THE BLOG
06/07/2013 02:18 pm ET Updated Aug 07, 2013

1,000 Days to Change the World

In the life of a child, nutrition during the first 1,000 days -- from a mother's pregnancy to the child's second birthday -- can mean the difference between a promising future or one plagued by poor health and stunted growth. For these young children, their first 1,000 days of life will determine the course of their future, and in time, also shape the future of their families, communities and the stability and prosperity of our planet.

Yet around the world, roughly half of all child deaths can be attributed to malnutrition, with 3.1 million young children dying every year from related causes. Another nearly 200 million are chronically malnourished and suffer from serious, often irreversible, physical and cognitive damage.

And all of this is preventable.

We are proud to celebrate this month a major milestone in global progress on maternal and child health: the thousandth day since the international community committed to Scaling Up Nutrition (SUN). Launched by Secretary of State Hillary Rodham Clinton and other world leaders in September 2010, SUN marked a breakthrough moment when countries and donors moved early childhood nutrition to the top of the global agenda.

Driven by medical research, the SUN framework identifies a powerful set of cost-effective interventions that together can make a dramatic impact in reducing early childhood malnutrition. Solutions like ensuring mothers get the right prenatal nutrition, encouraging breastfeeding and providing specialized nutritional support to pregnant women and children suffering from malnutrition make a huge difference.

This week, world leaders, UN agencies and nutrition experts gather in London in advance of the G8 Summit to review global progress since the initiative launched and set new targets for the next 1,000 days. To date, 40 countries have committed to making nutrition a national priority. Evidence shows that investing in the first 1,000 days can help save more than 1 million lives each year, improve individuals' educational achievement and earning potential, and even increase a country's GDP by 2-3 percent annually.

The UN World Food Programme (WFP) is committed to ensuring all children receive the nutrition they need during the first 1,000 days. Last year, WFP reached 4 million children under the age of two and 3 million women with special nutritional support. Today, WFP and the UN Population Fund (UNFPA) announce the launch of a new partnership to improve nutrition for pregnant and breastfeeding women.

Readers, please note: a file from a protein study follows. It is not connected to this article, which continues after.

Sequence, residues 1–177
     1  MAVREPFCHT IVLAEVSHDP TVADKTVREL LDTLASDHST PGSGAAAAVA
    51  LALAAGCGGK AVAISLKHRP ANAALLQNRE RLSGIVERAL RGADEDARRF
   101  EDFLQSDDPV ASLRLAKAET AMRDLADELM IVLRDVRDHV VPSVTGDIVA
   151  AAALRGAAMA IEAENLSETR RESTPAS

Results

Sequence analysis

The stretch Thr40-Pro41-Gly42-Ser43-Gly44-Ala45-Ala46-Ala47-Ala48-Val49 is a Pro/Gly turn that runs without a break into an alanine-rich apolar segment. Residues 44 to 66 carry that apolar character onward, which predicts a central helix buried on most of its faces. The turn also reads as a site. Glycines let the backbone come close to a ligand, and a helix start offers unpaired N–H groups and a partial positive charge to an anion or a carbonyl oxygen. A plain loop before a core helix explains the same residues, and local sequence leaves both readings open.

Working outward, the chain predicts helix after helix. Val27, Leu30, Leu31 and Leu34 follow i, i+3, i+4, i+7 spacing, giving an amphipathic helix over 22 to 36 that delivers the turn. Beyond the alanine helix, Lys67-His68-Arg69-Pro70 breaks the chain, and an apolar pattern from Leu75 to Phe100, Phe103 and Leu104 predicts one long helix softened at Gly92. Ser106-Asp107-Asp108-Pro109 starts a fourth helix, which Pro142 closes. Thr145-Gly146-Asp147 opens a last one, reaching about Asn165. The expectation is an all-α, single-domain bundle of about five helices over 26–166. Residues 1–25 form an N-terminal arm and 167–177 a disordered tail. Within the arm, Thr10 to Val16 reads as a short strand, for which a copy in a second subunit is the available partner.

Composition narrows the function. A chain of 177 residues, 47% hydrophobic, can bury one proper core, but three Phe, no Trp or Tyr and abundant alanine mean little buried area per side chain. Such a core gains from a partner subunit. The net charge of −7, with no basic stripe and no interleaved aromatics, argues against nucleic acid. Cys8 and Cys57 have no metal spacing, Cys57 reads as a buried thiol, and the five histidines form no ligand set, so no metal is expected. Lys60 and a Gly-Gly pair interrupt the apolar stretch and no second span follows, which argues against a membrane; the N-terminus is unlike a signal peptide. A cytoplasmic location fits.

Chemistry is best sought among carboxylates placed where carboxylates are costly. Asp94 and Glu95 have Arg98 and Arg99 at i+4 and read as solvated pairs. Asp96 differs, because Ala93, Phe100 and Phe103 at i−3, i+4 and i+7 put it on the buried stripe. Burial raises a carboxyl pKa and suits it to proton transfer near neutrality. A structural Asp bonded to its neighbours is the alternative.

Scientific advancements are also now enabling us to reach and help more children than ever before. Products such as PlumpyNut, a peanut-based paste, and Wawa Mum, made from chickpeas, can be locally sourced, easily shipped and stored, and administered without water, making them ideal for providing nutritional support to children at risk for malnutrition, especially during emergencies.

I've seen the power of these efforts firsthand in trips with WFP to places like post-earthquake Haiti. In Port-au-Prince, I visited a clinic where mothers who had lost their homes could weigh their babies, receive nutritional supplements tailored to their child's needs and attend classes to learn about child care. Strides forward have been made in many other countries, including Laos, Malawi and Sierra Leone.

Today, we renew our call to action for solving early childhood malnutrition. Here at World Food Program USA, we are advocating for the United States to commit to strong funding and policies for improving maternal and childhood nutrition across all of its international food security programs.

Focusing on nutrition means bringing partners together to invest in the future of mothers and children. We hope all Americans will join us in ensuring that for every child, the first 1,000 days mark the beginning of a life full of promise.

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